Court Roundup

Ohio
University asks judge to dismiss white nationalist's lawsuit

CINCINNATI (AP) - The University of Cincinnati is asking a federal judge to dismiss a lawsuit filed by the organizer for white nationalist Richard Spencer's campus tour, calling it meritless.

The lawsuit filed last month says the school won't rent space for Spencer to speak on campus unless a nearly $11,000 security fee is paid.

The lawsuit says requiring such payment because a speaker is controversial or prompts hostile reaction is discriminatory and unconstitutional.

The university on Thursday questioned the lawsuit's timing, saying the organizer hadn't yet paid the fee or obtained required insurance.

UC previously said it would let Spencer speak. His attorney, Kyle Bristow, says the visit is planned March 14, during spring break.

Bristow has lawsuits pending against several other schools for not allowing Spencer to speak.

South Carolina
Law protects companies from nuisance lawsuits

COLUMBIA, S.C. (AP) - Lawmakers in South Carolina want to protect manufacturers from "nuisance lawsuits" by neighbors upset with the practices of nearby businesses.

The Senate on Thursday approved a measure to protect the companies from nuisance lawsuits, The Post and Courier of Charleston reported. The measure goes back to the House, which will consider changes the Senate made in the bill.

The measure would protect existing companies from lawsuits when subdivisions locate around the plants.

The bill says industrial plants cannot be deemed a nuisance if their licenses and permits are current and they're complying with all local, state and federal laws and regulations.

If "somebody moves in beside them, that person can't sue them and say, 'We don't like the noise in your facility, or we don't like the odor,' when they've moved next door," said Senate Majority Leader Shane Massey from Edgefield. "This gives protection to long-established manufacturers. A Lot of these facilities locate in rural areas so they're not disturbing people, and people have come up around them."

The protections would include expansions or renovations of existing plants, even if a new owner purchased them, as long as the projects are "reasonable." Reasonable changes are those that do not substantially affect nearby landowners.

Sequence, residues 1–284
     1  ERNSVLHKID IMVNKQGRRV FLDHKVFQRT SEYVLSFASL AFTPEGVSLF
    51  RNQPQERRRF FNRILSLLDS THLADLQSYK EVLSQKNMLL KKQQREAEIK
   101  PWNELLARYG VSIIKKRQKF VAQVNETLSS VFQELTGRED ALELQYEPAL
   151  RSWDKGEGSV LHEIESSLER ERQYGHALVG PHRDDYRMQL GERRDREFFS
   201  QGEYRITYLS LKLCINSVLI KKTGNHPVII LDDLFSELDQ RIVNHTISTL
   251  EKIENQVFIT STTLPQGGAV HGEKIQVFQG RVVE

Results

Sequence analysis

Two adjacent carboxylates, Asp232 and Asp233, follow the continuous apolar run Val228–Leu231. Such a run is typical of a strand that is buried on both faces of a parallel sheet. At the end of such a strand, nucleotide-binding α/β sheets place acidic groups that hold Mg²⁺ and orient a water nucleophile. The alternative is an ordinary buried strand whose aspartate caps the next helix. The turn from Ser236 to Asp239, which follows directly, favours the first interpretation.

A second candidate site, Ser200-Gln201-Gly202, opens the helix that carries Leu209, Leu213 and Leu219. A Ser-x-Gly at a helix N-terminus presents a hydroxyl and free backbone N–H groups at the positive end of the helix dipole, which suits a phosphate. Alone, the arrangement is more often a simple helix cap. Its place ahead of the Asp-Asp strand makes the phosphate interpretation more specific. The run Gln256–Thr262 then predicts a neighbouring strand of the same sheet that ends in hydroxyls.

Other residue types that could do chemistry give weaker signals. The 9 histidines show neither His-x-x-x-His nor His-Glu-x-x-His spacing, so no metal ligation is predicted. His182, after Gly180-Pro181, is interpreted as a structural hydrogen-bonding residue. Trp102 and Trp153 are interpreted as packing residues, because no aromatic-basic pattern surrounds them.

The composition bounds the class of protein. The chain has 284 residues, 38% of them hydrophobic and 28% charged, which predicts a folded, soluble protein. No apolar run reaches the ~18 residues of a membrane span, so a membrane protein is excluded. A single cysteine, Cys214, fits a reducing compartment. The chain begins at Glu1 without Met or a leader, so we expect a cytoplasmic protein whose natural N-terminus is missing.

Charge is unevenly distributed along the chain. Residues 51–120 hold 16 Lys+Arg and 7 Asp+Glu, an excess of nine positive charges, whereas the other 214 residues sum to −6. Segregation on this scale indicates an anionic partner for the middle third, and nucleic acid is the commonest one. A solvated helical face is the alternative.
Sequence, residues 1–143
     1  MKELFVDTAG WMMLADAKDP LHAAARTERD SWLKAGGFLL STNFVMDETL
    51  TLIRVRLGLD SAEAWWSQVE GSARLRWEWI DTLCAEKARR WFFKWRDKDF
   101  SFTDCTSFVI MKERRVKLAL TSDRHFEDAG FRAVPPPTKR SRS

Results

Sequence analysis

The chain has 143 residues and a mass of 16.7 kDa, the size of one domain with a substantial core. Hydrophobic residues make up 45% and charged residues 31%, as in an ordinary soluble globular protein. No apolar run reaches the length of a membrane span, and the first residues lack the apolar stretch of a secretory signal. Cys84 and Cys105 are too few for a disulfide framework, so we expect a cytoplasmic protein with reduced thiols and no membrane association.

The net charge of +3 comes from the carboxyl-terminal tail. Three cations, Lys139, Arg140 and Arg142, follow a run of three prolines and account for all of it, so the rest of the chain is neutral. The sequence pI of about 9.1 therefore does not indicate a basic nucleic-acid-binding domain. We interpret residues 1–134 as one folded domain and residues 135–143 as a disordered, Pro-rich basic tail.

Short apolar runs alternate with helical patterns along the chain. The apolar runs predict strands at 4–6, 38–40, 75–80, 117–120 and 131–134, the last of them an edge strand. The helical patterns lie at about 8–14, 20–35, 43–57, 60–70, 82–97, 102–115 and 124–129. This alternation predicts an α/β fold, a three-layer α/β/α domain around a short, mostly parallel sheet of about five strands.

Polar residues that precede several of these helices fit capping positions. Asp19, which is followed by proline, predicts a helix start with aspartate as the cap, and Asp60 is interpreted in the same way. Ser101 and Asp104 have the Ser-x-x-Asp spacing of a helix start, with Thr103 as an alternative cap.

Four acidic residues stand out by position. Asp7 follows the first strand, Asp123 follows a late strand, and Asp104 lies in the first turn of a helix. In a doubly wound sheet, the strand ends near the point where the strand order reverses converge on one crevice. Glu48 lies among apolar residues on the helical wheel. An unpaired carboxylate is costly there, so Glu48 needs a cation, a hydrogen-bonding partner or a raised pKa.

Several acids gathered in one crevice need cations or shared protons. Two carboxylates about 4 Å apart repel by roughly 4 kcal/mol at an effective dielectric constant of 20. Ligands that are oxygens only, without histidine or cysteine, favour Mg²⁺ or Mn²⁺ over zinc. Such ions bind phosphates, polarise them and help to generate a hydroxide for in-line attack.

Opponents worry the bill would limit homeowners' rights.

"It's a bad idea to take property rights away from homeowners, and the right to enjoy your property without a nuisance is an ancient, fundamental right," said Sen. Vincent Sheheen, a Camden Democrat.

Massey said the Volvo plant under construction in a rural area of Berkeley County is a good example of a company that could need the law, although he says the Swedish vehicle manufacturer did not push for the legislation.

"Right now, it's in the middle of a very rural area, but you know there's population growth coming up," Massey said. He said it would be unfair to the company if new construction brought residents who might try to sue because of noise from the plant.

California
Wrongful death suit against Jim Carrey dismissed

LOS ANGELES (AP) - A wrongful death lawsuit filed against Jim Carrey by the husband and mother of his ex-girlfriend has been dismissed.

The suit was dismissed on January 25 in Los Angeles Superior Court. Mark Burton and Brigid Sweetman had sued the actor, claiming he provided the prescription drugs Cathriona White used to overdose in September 2015 in one of Carrey's homes. Coroner's officials ruled the 30-year-old makeup artist's death a suicide.

Burton and Sweetman's attorney Michael J. Avenatti said the pair had no comment on the voluntary dismissal. Burton and White were married in 2013.

The dismissal averts a court battle for Carrey, who dated White in 2012.

Carrey's publicist confirmed the dismissal but did not have any additional comment.

Arkansas
Lawsuits over herbicide dicamba to be heard in St. Louis

LITTLE ROCK, Ark. (AP) - A special panel of judges says 11 lawsuits filed in four states against the makers of the herbicide dicamba will be centralized in federal court in St. Louis.

The U.S. Judicial Panel on Multidistrict Litigation made the determination Thursday regarding farmers' lawsuits filed in Arkansas, Missouri, Kansas and Illinois. The lawsuits argue that the makers of dicamba are responsible for damage caused by the herbicide to their crops, especially soybeans.

According to the Arkansas Democrat-Gazette , attorneys for the companies that make dicamba opposed the centralization of the lawsuits but said that if it had to be done, St. Louis was their preferred location.

Arkansas has banned dicamba use from April 16 through Oct. 31 after the state received nearly 1,000 complaints last year about the weed killer.

Published: Mon, Feb 05, 2018

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